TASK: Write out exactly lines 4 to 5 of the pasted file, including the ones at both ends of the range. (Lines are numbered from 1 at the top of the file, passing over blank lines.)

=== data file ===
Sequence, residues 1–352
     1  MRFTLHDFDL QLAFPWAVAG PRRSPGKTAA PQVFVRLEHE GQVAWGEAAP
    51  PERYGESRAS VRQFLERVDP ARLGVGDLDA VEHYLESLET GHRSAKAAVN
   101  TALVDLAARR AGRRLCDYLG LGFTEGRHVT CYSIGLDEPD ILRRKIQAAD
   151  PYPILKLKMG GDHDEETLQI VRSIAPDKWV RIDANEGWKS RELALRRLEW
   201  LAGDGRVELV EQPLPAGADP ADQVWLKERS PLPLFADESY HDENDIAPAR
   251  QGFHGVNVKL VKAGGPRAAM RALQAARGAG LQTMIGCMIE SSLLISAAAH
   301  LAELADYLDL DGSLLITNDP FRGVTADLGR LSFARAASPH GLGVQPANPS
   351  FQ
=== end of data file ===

   101  TALVDLAARR AGRRLCDYLG LGFTEGRHVT CYSIGLDEPD ILRRKIQAAD
   151  PYPILKLKMG GDHDEETLQI VRSIAPDKWV RIDANEGWKS RELALRRLEW